Leah Thomas
star-svg
866

Couples disagree all the time. But a major disagreement can sometimes shake down your entire relationship. Often, people want to relocate for greater opportunities but run into a problem: They want to move but their partner doesn't want to. In fact, recently, one Fairygodboss member wrote into our Community to ask for advice on her and her husband’s latest argument, which could have heavy consequences for her career and well-being. 

“I want to move, but he doesn’t,” she began.

“My husband and I verbally made the decision that we were going to move from a small town in Iowa to Washington D.C.," she wrote. "Although I have a job, he doesn't and D.C. has so much more opportunity for him. We both love the city and want to move to a place where more opportunities for ourselves and our kids would exist. I have the luxury of being a contractor, so I can kind of move wherever there is Internet. Recently, my husband was offered a permanent job. He hasn’t taken the role yet, but I can tell he wants to take it. He is afraid of change and I’m afraid of staying. I’m so bored here and cannot take this much longer. Ladies, advice? Please?”

A few other FGB’ers responded to her plea for advice with words of wisdom.

“Push for change! I think change brings personal growth, breaks bad patterns and releases our potential,” one woman wrote.

“Maybe you need to explore the new town together, and get a sense of what new opportunities you will have to enjoy,” another said.

“I'd really sit down and lay out all the advantages that an eventual relocation will bring to both of you,” a FGB’er advised.

While most advice for these situations tends toward subjective, here are a few objective suggestions. 

First, open communication is so important to any marriage. Tell your partner exactly how you feel – no filter and no holding back. He needs to know all of your concerns, especially with staying in the same place. But remember, discussions are a two-way street. You must also listen to his concerns and take them into consideration.

Sit down to have a conversation with this being the only item on the agenda. Start with how you feel — use "I" statements and avoid assuming their intentions or motivations. Ask them to explain how they feel about moving and why. Then, try to come up with a solution that addresses both of your concerns. For example, is there a way to move somewhere you are both comfortable? If money is the issue, is there a way to bring in extra cash to support your move?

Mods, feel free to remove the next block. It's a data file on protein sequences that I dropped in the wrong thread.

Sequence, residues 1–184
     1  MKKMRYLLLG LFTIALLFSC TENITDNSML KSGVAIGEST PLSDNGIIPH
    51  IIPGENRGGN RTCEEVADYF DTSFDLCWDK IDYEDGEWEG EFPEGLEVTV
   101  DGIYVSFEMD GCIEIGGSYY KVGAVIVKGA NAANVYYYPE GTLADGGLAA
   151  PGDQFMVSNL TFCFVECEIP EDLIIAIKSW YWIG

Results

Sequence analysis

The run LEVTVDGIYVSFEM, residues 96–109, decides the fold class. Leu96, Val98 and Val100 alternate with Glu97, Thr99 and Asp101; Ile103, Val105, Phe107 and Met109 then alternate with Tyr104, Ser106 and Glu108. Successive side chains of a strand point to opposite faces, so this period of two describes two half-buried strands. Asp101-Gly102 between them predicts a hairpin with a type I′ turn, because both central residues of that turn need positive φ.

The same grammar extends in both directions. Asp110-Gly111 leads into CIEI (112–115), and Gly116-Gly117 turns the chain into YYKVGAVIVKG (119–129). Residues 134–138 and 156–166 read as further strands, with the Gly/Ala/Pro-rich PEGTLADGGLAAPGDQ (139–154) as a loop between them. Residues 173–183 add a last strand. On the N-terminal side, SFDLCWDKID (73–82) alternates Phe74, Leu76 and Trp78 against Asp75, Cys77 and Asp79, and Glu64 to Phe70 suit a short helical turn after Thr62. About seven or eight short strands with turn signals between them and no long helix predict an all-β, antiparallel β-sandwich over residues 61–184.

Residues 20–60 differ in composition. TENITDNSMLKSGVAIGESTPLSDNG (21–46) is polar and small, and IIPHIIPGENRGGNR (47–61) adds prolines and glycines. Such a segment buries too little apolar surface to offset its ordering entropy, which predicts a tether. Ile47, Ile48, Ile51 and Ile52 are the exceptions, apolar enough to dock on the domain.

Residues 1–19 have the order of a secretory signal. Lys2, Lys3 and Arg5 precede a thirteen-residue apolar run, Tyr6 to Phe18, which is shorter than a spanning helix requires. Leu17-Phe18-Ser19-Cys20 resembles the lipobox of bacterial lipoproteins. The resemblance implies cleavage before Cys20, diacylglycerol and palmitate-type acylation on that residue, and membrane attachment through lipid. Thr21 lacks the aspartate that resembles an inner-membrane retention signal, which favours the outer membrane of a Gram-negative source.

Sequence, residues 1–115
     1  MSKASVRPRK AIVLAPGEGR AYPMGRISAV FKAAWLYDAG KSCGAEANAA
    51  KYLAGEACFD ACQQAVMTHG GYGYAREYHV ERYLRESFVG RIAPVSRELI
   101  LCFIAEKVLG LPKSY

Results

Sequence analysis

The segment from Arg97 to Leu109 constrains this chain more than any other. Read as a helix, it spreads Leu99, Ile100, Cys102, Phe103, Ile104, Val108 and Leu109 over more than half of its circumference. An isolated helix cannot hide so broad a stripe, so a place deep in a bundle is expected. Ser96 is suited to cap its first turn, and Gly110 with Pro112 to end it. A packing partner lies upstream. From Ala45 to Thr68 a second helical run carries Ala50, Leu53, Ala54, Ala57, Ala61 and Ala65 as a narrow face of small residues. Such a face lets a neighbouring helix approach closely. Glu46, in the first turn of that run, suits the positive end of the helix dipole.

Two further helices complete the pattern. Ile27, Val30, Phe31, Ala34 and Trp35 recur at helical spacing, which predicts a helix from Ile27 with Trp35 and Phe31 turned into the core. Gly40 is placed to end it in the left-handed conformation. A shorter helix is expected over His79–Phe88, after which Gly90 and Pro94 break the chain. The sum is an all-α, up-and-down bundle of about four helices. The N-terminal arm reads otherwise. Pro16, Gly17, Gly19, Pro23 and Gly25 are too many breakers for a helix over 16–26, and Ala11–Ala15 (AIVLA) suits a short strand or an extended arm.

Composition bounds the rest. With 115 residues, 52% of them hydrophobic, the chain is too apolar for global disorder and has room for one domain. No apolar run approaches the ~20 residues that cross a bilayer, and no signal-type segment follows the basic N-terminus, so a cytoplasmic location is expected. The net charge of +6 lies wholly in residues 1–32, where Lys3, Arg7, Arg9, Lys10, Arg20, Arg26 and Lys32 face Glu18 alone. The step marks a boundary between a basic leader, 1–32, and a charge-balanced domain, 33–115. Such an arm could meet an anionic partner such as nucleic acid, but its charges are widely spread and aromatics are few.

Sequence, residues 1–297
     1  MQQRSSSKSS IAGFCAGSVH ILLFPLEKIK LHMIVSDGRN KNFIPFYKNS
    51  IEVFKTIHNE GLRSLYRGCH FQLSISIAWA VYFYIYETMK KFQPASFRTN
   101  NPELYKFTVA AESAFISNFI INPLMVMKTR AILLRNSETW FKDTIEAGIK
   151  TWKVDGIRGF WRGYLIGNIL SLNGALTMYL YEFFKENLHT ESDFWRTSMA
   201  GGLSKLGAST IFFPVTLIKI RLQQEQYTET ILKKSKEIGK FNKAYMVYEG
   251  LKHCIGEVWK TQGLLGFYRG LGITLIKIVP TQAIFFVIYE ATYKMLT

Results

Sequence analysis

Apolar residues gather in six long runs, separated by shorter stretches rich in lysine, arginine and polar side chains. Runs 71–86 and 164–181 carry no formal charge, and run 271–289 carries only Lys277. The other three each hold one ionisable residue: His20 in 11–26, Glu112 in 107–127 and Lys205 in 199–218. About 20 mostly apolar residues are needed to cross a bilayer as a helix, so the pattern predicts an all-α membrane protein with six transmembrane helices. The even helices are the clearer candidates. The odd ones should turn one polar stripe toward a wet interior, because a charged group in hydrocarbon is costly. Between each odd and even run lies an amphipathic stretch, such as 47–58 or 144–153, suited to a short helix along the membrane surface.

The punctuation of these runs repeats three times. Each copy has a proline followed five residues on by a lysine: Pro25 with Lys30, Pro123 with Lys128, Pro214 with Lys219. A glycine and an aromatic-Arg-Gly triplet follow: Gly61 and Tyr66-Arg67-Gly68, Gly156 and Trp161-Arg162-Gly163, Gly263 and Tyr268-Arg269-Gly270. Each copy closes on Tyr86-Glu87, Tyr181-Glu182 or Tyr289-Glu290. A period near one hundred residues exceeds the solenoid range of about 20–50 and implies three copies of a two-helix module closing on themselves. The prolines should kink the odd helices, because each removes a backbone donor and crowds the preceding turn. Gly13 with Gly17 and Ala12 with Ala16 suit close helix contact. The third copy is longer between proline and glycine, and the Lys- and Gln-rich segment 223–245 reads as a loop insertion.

One FGB’er offered a great piece of advice on how to have this conversation.

 “Let him come up with his own list of pros and cons, and you do the same. Then, swap lists and talk about them. Develop a plan together that addresses both of your primary concerns. Maybe you don't move this year, but in time for the new school year in '19. You can't un-stuck him. He has to do that. But you can help him,” she wrote.

And we agree. A decision this big must be discussed in detail. 

“My suggestion would be to have a heart-to-heart conversation with him,” another FGB’er said. “First, spell out exactly how you feel. In all fairness, he’s not a mind reader. Then, give him the chance to talk about how he feels. Is he afraid of change? Or is there some other reason he doesn't want to leave? After that, you both need to figure out who this means “more” to. Is his “fear of change” greater than your strong unhappiness?"

Remember that marriage is a compromise, but it's also a system to build each other – and your ambitions – up. We know you've got this.

About the Career Expert:

Leah Thomas is a content creator who writes on all things women. Her work is published on Fairygodboss, Cosmopolitan, Teen Vogue, i-D, Marie Claire, Business Insider, and more.

Share